• by Jason Del Rey — “Charlie’s idea was this all-you-can-eat shipping service. But the idea itself wasn’t about fast shipping. That was when Jeff took it a step further. I remember him saying at the time that nobody wakes up every day hoping that their shipping would be just a little bit slower.”
  • by Joel Spolsky — “Every product in the marketplace has substitutes and complements. A substitute is another product you might buy if the first product is too expensive. Chicken is a substitute for beef. If you’re a chicken farmer and the price of beef goes up, the people will want more chicken, and you will sell more. A complement is a product that you usually buy together with another product. Gas and cars are complements.”

Feel free to send article recommendations to


Some of the clearest writing happens inside organizations, and we can only hope more of those memos reach the outside world.

  • Thoughts on Flash by Steve Jobs at Apple — “The mobile era is about low power devices, touch interfaces and open web standards – all areas where Flash falls short.”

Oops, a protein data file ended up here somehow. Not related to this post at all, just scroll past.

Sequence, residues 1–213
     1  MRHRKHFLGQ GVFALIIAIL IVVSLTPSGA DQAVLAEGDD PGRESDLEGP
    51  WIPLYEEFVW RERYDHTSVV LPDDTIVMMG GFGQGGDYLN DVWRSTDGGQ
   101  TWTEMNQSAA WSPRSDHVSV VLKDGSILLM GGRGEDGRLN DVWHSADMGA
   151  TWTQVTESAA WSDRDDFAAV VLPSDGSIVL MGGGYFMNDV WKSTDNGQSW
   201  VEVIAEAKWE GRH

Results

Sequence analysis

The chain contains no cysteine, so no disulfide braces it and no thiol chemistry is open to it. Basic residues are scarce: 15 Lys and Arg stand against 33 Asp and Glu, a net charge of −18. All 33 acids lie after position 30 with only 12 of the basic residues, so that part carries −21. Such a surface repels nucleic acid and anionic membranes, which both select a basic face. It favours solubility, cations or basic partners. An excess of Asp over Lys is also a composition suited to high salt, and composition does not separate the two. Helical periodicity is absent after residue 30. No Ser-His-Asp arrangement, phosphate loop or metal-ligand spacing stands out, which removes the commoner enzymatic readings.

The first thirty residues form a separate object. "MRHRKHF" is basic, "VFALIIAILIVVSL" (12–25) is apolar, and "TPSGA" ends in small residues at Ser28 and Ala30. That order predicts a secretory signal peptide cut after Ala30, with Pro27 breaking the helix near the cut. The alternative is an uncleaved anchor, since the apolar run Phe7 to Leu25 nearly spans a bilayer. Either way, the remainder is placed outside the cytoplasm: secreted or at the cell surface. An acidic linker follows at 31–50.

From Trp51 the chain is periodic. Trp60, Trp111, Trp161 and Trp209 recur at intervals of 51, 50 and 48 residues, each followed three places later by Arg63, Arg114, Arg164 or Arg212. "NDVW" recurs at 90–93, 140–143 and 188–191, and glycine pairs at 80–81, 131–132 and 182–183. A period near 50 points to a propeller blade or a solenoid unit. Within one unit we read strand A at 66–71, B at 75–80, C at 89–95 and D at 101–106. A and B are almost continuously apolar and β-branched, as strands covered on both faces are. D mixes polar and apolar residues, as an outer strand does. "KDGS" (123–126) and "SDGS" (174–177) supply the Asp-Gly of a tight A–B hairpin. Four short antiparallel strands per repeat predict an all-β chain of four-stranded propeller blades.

• Road Kill on the Information Highway by Nathan Mhyrvold at Microsoft — “One day however people will realize that their little Information Highway Computers are more powerful and cheaper than Personal Computers - just as we have finally done with mainframes.”
  • Google vs Amazon Platforms by Steve Yegge at Google — “Bezos realized that he didn’t need to be a Steve Jobs in order to provide everyone with the right products: interfaces and workflows that they liked and felt at ease with. He just needed to enable third-party developers to do it.”
  • The World is Changing by Jeffrey Katzenberg at Disney — “With success came bigger budgets and bigger names. We found ourselves attracting the calibre of talent with which ‘event’ movies could be made. And, more and more, we began making them. The result: costs have escalated, profitability has slipped and our level of risk has compounded. The time has come to get back to our roots.”
  • Burning Platform by Stephen Elop at Nokia — “Our competitors aren’t taking our market share with devices; they are taking our market share with an entire ecosystem.”
  • Evaluation of Space Program by Wernher von Braun at NASA — “In my opinion, the most effective step to improve our national stature in the space field, and to speed things up, would be to identify a few (the fewer the better) goals in our space program as objectives of highest national priority. (For example: Let’s land a man on the moon in 1967 or 1968.)”